While Islamic fundamentalism exist to a greater or lesser extent in every Central Asian country, these threats are greatest in Tajikistan. Regardless of whether radicalized Islam in Tajikistan is considered a consequence of the civil war including the marginalization of former allies of President Rakhmon and members of the Islamic Revival Party of Tajikistan (IRP), poverty exacerbated by corruption driving people to seek justice through religion, or a crumbling regime losing control at the “top” and “bottom” of its society, the new pattern of violence indicates serious challenges for Tajikistan. Unless the government finds ways to improve its intelligence and security forces, the unrest will likely continue and worsen.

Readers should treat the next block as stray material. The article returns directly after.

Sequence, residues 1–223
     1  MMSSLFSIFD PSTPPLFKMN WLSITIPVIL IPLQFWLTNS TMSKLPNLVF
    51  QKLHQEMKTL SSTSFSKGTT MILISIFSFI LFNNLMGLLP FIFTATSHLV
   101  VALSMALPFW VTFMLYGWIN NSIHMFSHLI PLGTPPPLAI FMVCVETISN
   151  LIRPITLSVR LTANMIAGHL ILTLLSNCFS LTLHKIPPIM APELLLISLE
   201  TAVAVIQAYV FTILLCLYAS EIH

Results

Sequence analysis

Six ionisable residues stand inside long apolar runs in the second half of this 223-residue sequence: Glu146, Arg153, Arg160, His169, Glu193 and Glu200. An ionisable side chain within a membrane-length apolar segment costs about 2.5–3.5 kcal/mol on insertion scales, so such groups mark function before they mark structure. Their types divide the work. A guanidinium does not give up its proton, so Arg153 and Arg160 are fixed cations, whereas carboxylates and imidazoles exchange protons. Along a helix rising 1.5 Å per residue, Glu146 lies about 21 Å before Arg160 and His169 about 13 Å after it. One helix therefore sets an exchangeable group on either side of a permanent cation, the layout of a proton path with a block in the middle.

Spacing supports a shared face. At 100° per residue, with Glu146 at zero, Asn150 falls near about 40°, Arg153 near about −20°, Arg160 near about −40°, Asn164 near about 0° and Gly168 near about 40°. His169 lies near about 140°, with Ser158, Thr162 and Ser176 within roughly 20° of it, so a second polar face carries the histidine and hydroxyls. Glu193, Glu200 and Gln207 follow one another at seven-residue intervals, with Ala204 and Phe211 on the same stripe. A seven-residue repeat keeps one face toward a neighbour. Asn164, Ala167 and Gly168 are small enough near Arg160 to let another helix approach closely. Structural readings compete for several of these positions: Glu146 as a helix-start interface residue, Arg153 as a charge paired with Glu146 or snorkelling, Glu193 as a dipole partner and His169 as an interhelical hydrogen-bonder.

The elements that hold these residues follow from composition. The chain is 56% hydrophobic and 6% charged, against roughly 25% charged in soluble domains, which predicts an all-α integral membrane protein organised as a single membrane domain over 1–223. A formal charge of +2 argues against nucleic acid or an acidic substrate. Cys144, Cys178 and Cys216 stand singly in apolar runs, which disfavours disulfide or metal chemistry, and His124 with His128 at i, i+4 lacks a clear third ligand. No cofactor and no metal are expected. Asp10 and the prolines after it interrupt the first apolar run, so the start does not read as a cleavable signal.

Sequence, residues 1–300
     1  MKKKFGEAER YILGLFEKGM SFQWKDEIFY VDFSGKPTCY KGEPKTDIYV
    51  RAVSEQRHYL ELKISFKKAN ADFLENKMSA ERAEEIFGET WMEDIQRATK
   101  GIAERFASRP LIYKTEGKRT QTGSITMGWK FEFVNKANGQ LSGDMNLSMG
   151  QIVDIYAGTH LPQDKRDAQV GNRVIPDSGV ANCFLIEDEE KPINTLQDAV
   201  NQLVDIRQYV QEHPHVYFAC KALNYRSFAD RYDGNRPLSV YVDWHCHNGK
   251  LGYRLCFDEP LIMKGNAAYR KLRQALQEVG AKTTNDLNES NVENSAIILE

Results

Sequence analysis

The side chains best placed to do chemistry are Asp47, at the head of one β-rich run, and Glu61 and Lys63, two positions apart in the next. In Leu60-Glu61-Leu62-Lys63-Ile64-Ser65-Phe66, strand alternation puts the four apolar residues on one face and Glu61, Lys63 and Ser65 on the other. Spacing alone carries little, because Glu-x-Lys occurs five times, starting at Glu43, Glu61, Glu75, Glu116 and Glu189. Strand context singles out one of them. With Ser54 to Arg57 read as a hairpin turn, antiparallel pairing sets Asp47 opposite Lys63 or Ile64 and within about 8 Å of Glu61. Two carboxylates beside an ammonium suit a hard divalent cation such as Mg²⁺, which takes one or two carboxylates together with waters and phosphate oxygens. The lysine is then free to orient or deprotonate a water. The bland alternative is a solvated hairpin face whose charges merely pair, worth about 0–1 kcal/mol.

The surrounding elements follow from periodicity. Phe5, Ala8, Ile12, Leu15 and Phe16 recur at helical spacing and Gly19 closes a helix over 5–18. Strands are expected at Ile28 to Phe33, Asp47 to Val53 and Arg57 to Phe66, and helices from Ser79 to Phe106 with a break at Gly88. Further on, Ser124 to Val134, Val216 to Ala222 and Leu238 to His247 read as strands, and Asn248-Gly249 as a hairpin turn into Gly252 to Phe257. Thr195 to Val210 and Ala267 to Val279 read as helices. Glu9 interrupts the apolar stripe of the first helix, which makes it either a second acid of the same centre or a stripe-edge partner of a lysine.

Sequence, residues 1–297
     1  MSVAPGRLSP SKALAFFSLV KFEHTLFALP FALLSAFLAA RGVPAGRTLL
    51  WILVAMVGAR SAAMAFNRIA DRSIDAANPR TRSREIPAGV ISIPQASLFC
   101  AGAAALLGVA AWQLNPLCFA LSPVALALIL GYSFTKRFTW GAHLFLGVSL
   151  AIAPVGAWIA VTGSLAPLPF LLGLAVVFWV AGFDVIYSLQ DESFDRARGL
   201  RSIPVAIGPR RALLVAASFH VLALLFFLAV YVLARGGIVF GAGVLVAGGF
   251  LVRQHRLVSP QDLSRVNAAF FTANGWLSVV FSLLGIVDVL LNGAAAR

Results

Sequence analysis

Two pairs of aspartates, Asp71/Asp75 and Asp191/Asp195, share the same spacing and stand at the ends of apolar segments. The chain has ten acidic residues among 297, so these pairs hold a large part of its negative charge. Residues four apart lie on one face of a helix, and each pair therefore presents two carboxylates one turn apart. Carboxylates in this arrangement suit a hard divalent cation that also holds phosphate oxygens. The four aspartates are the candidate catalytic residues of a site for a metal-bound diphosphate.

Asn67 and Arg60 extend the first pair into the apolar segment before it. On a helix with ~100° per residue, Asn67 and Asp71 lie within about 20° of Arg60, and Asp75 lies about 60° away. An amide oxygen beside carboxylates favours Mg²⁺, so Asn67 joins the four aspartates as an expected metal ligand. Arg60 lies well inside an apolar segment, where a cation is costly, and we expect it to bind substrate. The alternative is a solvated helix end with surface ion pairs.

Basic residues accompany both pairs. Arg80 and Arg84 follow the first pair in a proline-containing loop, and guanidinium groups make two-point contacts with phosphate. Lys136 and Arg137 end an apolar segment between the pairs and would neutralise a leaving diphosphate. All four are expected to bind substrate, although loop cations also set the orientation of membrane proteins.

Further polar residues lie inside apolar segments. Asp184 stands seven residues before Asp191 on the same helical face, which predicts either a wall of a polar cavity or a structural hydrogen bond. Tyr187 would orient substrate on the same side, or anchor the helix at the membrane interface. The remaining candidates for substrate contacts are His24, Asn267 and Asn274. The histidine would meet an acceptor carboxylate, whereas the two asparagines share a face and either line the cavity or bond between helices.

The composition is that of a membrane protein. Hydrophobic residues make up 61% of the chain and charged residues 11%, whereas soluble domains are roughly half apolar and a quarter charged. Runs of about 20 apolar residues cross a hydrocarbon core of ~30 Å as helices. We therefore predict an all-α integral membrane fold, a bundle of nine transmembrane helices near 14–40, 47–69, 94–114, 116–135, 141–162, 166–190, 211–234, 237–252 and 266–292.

BACKGROUND: The causes of Tajikistan’s civil war lay in the struggle among elites at the republican level, which spread to other regions as the clash of interests among different regional clans intensified. As a result, the IRP was created as a regional counterbalance against the Communist Party of Tajikistan, which was dominating in mainly Khujand and Kulyab in the 1990s. The IRP's followers were mainly from Garm and Gorno-Badakhshan, which had a minority stake in the government and were not able to enjoy the economic benefits of these positions. Their purpose was to overthrow the Communist Party in order to establish an Islamic state. As the government moved to repress the IRP, the latter spawned the United Tajik Opposition (UTO) coalition forces with other opposing groups under the agenda of advocating nationalism, democracy, and Islamism to fight for political and economic inclusion. Antigovernment demonstrations that started in the spring of 1992 were shortly followed by the civil war.